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Political jousting escalates over N.K. nuke plant document, sea tunnel proposal

All News 17:37 February 02, 2021

SEOUL, Feb. 2 (Yonhap) -- The ruling Democratic Party (DP) and its main rival on Tuesday intensified their recent belligerent rhetoric toward one another, continuing to bicker over a government document on the idea of providing a nuclear power plant to North Korea and the opposition's plan to review building a sea tunnel between South Korea and Japan.

"Leaders of the main opposition party have inflicted an intolerable offense toward the president. Let us end the insult aimed at trying the blind the public with anachronistic political maneuvering," DP Chairman Rep. Lee Nak-yon said in a parliamentary speech marking the recent launch of a monthlong extra parliamentary session.

He joined the political wrangling over allegations that the liberal government drafted plans to help North Korea, an energy-scarce nation, build a nuclear power plant, a week after the first summit talks between President Moon Jae-in and North Korean leader Kim Jong-un on April 27, 2018.

Democratic Party Chairman Rep. Lee Nak-yon addresses the National Assembly on Feb. 2, 2021. (Yonhap)

The allegations emerged after a local TV station reported on Thursday that a document about the alleged nuclear power plant construction project was among the hundreds of computer files allegedly deleted by some energy ministry officials before the state audit agency's inspection into the ministry's energy policies in December 2019. The officials were later indicted on charges of damaging public documents by prosecutors investigating the government's decision to terminate the operation of Wolsong-1, the country's second-oldest nuclear reactor.

After the news report, Kim Chong-in, caretaker leader of the main opposition People Power Party (PPP), openly described the alleged project as a "shocking act benefiting the enemy."

The government and the ruling party has flatly dismissed the accusation as "groundless" and warned of legal action against Kim.

According to the energy ministry, the documents were that of working-level ideas, not a formal policy scheme, on ways to promote inter-Korean ties. On Monday, the ministry made public the document in question to calm what it called an "unnecessary" political dispute.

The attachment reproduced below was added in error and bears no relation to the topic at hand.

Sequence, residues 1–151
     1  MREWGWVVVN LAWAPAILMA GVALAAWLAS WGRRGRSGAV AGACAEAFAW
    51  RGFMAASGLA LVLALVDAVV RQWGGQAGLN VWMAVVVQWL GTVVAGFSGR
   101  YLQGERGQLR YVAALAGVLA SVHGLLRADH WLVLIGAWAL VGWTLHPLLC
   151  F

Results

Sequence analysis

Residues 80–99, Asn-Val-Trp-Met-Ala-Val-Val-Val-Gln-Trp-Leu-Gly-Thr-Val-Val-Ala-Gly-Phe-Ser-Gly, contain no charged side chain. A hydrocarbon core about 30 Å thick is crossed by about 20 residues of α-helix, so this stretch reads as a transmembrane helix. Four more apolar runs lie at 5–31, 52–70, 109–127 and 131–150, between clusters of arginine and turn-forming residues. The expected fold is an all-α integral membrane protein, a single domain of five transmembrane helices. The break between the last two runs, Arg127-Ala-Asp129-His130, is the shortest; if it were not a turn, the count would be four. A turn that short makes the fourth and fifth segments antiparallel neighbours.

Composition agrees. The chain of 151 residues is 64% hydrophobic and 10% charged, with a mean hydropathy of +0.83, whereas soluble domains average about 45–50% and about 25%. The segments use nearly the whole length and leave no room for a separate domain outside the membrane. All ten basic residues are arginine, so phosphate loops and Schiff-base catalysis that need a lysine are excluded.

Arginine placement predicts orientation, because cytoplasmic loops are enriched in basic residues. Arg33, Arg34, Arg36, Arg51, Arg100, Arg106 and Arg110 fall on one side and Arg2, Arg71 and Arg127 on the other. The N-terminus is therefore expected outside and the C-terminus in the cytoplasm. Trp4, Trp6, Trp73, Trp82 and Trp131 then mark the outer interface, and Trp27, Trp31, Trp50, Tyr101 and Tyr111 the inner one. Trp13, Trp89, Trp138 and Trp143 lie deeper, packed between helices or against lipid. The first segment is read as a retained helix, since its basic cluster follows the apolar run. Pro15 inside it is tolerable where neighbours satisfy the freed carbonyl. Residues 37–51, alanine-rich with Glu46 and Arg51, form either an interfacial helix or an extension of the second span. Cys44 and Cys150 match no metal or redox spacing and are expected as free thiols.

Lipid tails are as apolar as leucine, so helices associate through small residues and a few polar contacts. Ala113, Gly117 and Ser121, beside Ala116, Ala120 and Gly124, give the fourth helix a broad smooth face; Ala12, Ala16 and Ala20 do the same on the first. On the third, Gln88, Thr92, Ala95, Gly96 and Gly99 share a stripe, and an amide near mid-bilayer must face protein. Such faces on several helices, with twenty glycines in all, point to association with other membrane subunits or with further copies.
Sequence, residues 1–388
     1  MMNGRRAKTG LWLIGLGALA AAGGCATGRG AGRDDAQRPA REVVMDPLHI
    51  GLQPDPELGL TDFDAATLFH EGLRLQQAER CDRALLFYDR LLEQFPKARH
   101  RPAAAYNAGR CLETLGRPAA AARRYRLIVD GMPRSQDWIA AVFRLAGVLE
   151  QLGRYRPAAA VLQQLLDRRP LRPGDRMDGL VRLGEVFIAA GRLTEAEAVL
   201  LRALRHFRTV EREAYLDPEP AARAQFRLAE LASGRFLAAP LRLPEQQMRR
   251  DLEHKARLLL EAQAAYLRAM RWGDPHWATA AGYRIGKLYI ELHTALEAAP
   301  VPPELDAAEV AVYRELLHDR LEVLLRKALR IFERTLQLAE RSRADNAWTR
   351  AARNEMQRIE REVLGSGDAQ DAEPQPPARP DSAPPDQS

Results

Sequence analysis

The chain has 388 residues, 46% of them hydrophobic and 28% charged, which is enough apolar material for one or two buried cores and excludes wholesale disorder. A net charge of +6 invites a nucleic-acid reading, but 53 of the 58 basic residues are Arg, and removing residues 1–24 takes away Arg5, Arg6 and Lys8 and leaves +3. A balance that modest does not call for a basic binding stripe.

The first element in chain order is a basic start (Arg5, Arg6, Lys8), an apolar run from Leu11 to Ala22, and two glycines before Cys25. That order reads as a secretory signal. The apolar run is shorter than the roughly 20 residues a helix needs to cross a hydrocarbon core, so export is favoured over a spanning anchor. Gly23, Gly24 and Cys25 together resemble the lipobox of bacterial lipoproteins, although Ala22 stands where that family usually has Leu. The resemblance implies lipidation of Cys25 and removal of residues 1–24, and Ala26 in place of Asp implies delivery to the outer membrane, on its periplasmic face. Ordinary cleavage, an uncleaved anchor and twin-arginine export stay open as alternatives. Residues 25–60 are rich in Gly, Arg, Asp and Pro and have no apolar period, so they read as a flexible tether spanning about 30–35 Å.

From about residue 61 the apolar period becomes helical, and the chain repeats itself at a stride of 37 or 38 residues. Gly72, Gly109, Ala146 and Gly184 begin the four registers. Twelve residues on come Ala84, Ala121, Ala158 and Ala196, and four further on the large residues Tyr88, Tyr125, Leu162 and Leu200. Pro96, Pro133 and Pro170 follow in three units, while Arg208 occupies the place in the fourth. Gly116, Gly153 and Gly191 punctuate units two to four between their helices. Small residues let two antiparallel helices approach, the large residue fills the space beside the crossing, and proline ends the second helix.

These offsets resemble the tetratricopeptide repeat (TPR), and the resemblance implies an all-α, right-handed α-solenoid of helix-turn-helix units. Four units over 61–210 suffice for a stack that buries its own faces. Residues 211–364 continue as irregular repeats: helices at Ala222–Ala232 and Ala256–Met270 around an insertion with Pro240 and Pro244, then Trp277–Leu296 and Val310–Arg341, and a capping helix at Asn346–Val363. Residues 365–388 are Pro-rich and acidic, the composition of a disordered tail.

But as the dispute showed no sign of dying down with PPP lawmakers raising further suspicions surrounding the alleged nuclear plant program, more politicians joined the wrangling Tuesday.

Rep. Hong Ik-pyo, the DP's head of policy, said in a radio interview that the PPP's implication that the government was trying to benefit North Korea was a "lie and a political offense."

Rep. Kim Nam-kuk, a DP freshman lawmaker, echoed the view in a separate radio interview, arguing that the PPP's rhetoric was of "conventional political maneuvering." He also insisted that the PPP leadership had to apologize to the president.

DP members also criticized the PPP's plan to review building a sea tunnel connecting the southeastern island of Gadeok and the Kyushu region of Japan, as part of a campaign policy in the upcoming mayoral by-election in the nearby city of Busan.

Rep. Choi In-ho, spokesperson of the DP, said the sea tunnel project was that of a pro-Japanese agenda, arguing that the project would benefit Japan more than South Korea.

Kim Chong-in (C), interim leader of the main opposition People Power Party, poses for a photo with a group of the party's preliminary candidates for the April 7 Busan mayoral by-election during a visit to the construction site of an airport on Gadeok Island off the southeastern port city of Busan on Feb. 1, 2021. (Yonhap)

DP Rep. Jung Chung-rai claimed that the plan would backfire toward the PPP. "Are they suggesting that we provide a platform for Japan to advance into the (Asian) continent?" Jung asked rhetorically when speaking about the topic in a radio interview.

Members of the PPP, meanwhile, continued to double down on their denunciation of the administration over the controversial North Korean power plant idea document.

"The reviewing of three plant provisions to the North while the government shuts down domestic nuclear power plants is not something a working-level public servant can do alone," PPP Rep. Sung Il-jong said.

Sung added, "Who ordered the drafting of such an idea and to which level of the administration it was reported to must be clearly clarified."

On the sea tunnel debate, PPP Rep. Ha Tae-keung blasted the DP for what he described as engaging in "anti-Japanese campaigning."

"Even former Presidents Kim Dae-jung and Roh Moo-hyun pursued constructing an underwater tunnel between South Korea and Japan. (Will the DP) also say that the two former presidents had in them pro-Japanese DNA," Ha wrote on Facebook.


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